I am so dead jelly of Ralph. I see him get a look in his eye and then he disappears for three hours and emerges smelling a little musty, not knowing what day it is, and bearing a new incredible song that he wrote. Instead of using that three hours wisely myself, I’m usually looking for the perfect earrings to wear to a wedding that’s two weeks away or trying out a new meatloaf recipe, all the while drowning out the little voice in the back of my head that says, “You should be writing!!”
But, maybe it’s only fair that Ralph gets so lucky with creating in any place because I have never seen anything harder to produce than music. I once painted billboard sized community art and that was easier than making professional music. In fact, I think making a sculpture out of live bald eagles and feral cats would actually still be easier than making music.
It could just be because it’s not my craft that it seems so hard to me. I mean, I can play guitar but being in a band is a totally different thing. By “play guitar” I mean my Dad bought me a really expensive guitar when I was thirteen and I filled a composition book full of Christian folk songs that I wrote using only fifteen chords total. They were so bad even Jesus hated them.
Over the past few years I have really gotten to see what having a band is like. Ralph’s band in college was excellent, but then they all graduated and went their separate ways, leaving him a solo act. I want nothing more than to be a solo act, but Ralph is a band kind of guy so for a long time he searched for band mates on Craig’s list, while I researched people who got murdered by meeting people from Craig’s list.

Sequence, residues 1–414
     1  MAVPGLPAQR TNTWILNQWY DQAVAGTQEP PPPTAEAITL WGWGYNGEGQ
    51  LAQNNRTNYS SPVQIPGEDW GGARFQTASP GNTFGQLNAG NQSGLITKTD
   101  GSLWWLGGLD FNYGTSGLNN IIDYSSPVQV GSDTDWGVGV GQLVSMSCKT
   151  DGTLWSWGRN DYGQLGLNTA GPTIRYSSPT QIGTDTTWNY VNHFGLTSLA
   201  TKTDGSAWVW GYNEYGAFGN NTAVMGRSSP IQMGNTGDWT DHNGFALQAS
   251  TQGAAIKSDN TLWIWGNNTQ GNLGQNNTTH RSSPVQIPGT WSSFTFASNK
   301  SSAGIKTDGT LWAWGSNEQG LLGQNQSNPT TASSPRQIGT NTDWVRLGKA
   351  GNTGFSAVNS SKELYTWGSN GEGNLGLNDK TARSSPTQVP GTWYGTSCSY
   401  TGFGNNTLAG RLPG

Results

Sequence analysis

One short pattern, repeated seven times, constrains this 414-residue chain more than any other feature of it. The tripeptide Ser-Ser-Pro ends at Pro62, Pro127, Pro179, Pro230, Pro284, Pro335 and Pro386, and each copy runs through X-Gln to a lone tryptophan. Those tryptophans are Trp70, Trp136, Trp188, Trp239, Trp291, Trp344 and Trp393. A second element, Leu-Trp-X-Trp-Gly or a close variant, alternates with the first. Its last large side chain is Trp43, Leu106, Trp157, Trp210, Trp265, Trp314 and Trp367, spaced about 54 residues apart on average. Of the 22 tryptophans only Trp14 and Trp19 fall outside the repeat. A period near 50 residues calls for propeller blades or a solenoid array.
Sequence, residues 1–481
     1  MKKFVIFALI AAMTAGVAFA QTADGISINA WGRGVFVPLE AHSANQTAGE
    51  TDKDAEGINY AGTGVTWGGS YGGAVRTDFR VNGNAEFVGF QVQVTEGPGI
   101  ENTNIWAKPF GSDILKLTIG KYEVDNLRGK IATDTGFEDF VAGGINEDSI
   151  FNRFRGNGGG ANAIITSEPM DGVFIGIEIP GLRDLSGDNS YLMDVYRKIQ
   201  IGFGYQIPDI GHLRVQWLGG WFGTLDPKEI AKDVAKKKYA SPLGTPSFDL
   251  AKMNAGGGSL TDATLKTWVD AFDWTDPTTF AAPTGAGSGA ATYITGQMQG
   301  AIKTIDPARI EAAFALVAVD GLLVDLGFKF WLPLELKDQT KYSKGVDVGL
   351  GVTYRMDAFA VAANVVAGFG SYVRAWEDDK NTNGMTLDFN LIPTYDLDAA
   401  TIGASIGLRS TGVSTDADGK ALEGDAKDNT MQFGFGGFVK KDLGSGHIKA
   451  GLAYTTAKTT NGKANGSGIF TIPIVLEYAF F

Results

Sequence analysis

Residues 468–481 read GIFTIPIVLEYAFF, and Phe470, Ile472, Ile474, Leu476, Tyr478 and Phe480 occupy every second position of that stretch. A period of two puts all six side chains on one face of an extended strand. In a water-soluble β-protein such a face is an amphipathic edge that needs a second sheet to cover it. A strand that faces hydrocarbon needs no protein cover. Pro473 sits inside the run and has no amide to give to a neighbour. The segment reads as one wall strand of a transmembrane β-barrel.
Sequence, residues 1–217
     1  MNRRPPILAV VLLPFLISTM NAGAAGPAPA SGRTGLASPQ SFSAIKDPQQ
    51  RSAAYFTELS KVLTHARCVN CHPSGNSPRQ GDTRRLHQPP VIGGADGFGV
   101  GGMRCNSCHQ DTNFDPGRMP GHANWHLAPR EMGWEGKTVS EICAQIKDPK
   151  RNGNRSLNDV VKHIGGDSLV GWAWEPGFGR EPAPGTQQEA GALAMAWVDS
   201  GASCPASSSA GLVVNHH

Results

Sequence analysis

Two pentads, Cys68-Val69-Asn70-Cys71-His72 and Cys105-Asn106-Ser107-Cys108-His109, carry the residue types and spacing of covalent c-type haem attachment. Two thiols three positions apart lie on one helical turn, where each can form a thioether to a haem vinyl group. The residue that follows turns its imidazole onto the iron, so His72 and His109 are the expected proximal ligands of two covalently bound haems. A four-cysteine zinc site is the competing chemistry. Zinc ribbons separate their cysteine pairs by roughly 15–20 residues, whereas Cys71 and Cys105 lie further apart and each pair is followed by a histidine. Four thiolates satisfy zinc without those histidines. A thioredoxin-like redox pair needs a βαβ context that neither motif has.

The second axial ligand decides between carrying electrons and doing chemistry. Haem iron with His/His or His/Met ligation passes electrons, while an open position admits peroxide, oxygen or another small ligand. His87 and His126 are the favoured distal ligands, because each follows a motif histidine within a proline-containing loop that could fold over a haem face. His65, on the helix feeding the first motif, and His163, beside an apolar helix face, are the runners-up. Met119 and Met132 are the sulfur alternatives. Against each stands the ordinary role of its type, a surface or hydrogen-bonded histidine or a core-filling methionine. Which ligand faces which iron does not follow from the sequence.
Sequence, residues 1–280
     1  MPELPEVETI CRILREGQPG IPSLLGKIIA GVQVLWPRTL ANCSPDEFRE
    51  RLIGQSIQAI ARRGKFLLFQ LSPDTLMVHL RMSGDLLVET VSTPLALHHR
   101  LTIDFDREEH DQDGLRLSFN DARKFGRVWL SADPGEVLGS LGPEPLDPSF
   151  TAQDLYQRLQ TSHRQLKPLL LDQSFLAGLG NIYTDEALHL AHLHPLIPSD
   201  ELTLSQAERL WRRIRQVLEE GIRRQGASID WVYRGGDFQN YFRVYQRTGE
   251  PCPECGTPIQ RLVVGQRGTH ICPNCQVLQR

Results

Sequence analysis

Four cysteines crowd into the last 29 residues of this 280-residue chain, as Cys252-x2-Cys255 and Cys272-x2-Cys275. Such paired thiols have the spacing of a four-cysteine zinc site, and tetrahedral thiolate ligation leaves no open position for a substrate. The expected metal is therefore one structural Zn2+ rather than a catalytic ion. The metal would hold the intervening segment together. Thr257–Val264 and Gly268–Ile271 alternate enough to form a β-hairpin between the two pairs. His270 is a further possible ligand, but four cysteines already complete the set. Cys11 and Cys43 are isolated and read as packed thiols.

A band has to be a mix of people when are talented and also not egotistical assholes. If they can be your friends, too, that’s amazing but that’s not always possible. They have to be within driving distance from you, with the time to practice. Honestly, the mere thought of organizing a band just freaks me the fuck out and makes me want to escape into a little hole and paint by myself.
For a while I was really worried that Ralph would never find the right mix of people, but then his old friend (a guy who was actually in our wedding that’s how much we like him), happened to move back to the area. He’s also the best bass player I have ever heard in real life. Then Ralph somehow came across a fantastic drummer who I don’t know very well, but he has a green glittery drum set that reminds me of The Emerald City in The Wizard of Oz, which makes him more than okay in my book. This was really all pure luck. But that’s just like a third of it, because the songs still have to be learned and recorded and then the have to be able to play them live.